Weapon System Sustainment: DOD Needs to Better Capture and Report Software Sustainment Costs
Feb 26, 2019
The Department of Defense (DOD) has policies and organizations to manage the sustainment of operational system software. DOD policy defines software sustainment and software maintenance activities synonymously, to comprise any activities or actions that change the software baseline, as well as modifications or upgrades that add capability or functionality.
One example of such an action is the Air Force’s modifying the security software on the B-52 bomber to better protect against attempted system penetration. The figure below defines the four categories of software sustainment actions.
DOD’s ability to track weapon system software sustainment costs is impeded by limitations in its collection of software cost data.
First, GAO found that the Office of Cost Assessment and Program Evaluation’s (CAPE) Cost and Software Data Reporting system did not collect weapon system cost data from DOD software centers. Recognizing this, CAPE directed in January 2017 that cost and software data efforts on major acquisition programs should begin to be collected from government organizations, including DOD software centers.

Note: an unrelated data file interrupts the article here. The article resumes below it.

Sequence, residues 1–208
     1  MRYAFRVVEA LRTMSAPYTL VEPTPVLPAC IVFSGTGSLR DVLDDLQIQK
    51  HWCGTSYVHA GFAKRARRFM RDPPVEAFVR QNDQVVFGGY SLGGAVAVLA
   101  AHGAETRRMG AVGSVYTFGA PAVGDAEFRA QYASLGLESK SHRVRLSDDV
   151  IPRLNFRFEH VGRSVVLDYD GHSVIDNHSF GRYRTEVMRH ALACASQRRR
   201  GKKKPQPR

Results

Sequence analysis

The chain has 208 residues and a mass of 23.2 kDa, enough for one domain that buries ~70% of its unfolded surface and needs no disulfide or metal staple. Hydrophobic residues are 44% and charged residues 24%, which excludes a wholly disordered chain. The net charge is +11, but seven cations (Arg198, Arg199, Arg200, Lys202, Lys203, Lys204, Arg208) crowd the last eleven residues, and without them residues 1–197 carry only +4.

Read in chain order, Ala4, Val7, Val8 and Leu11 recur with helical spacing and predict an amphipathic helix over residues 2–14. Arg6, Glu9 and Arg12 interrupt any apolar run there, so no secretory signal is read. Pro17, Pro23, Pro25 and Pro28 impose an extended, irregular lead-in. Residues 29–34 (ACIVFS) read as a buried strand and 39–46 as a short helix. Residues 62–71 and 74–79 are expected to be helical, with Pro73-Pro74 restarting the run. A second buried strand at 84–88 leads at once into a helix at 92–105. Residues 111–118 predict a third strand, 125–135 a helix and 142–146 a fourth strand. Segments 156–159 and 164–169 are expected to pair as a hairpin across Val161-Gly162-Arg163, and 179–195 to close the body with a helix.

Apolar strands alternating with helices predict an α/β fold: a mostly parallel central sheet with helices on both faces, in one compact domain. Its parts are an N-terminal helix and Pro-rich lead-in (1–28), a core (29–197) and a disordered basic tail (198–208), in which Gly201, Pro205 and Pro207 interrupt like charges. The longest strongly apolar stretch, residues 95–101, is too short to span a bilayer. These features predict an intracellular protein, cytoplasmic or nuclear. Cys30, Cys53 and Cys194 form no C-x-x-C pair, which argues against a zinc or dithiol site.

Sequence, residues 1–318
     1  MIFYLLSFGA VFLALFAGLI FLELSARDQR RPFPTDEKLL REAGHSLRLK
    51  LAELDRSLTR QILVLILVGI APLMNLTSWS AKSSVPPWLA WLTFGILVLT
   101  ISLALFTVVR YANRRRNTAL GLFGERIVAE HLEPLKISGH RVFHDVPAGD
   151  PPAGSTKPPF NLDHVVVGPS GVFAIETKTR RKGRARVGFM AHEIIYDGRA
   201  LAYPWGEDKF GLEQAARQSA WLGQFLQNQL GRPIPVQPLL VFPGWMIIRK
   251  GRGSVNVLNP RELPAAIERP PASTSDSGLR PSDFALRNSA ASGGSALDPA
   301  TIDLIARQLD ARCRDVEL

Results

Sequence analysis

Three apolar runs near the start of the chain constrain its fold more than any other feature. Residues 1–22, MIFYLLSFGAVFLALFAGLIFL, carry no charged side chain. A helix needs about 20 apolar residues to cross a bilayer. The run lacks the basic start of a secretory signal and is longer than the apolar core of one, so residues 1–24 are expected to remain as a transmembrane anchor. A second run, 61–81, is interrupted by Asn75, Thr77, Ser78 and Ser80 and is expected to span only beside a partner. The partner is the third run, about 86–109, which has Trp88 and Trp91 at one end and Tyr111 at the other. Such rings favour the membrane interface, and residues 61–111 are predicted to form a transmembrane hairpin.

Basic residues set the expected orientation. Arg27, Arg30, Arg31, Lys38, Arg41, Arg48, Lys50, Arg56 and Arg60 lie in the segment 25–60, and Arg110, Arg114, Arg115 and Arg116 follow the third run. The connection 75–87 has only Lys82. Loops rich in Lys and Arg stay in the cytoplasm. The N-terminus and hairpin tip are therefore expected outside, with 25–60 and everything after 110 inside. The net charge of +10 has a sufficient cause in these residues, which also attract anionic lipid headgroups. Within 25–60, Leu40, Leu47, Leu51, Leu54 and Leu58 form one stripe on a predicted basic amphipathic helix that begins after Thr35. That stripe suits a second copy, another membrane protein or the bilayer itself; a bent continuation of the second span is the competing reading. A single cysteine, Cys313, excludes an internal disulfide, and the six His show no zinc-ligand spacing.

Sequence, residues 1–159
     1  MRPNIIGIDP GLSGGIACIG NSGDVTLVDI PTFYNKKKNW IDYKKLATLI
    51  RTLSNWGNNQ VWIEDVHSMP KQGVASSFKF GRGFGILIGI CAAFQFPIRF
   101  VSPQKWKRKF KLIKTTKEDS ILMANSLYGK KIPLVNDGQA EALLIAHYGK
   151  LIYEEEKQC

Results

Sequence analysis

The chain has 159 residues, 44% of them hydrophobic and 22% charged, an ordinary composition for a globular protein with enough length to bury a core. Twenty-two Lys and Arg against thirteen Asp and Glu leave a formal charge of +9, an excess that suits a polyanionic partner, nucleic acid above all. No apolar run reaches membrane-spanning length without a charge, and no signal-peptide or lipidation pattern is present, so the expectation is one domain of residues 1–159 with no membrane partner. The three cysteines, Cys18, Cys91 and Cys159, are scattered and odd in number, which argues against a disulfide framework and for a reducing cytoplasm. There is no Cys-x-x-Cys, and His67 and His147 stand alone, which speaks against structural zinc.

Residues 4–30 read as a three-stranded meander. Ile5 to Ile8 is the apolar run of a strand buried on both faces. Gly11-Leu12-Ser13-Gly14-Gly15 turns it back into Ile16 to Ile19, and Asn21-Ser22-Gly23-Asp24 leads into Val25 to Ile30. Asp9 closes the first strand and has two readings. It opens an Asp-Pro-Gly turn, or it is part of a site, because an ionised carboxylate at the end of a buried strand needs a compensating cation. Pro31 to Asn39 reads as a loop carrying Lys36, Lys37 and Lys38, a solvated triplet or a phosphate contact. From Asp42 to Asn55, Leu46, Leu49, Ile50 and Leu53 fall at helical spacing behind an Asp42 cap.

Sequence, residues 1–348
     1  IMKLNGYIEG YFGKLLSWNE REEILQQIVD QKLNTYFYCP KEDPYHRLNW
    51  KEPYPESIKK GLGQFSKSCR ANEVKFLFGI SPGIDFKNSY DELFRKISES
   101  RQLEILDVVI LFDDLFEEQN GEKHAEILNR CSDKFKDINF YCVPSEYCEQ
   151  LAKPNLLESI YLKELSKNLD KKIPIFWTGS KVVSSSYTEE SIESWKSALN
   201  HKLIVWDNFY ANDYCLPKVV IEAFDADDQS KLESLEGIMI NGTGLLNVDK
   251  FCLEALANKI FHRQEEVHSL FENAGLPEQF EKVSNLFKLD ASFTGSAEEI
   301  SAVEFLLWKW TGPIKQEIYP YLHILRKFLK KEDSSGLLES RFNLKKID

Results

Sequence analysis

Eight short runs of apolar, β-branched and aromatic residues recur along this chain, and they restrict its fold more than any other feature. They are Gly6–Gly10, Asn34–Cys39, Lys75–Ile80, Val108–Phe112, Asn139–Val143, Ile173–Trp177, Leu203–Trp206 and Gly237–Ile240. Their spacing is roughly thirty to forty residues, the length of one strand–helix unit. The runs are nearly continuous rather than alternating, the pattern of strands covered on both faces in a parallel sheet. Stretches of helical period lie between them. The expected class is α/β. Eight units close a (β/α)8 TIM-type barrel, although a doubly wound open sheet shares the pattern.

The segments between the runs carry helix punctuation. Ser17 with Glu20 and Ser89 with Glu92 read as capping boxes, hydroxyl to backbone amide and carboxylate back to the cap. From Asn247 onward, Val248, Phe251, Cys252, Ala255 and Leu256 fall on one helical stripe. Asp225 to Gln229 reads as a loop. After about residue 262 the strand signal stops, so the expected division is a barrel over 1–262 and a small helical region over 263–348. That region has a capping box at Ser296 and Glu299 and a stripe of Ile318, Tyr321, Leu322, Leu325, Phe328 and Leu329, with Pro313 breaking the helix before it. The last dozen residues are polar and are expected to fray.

However, CAPE acknowledges that it lacks an implementation plan to execute and monitor the requirement for these centers to submit cost and software data.
Second, GAO also found that the military departments’ operating and support cost systems have incomplete software sustainment cost data. DOD policy requires the military departments to collect and maintain actual operating and support costs, including software sustainment costs.
Without CAPE’s taking steps to prioritize obtaining complete information on operating and support costs for software sustainment, CAPE is challenged in its ability to accurately compile total program costs or provide reliable life-cycle cost estimates to DOD and Congress.
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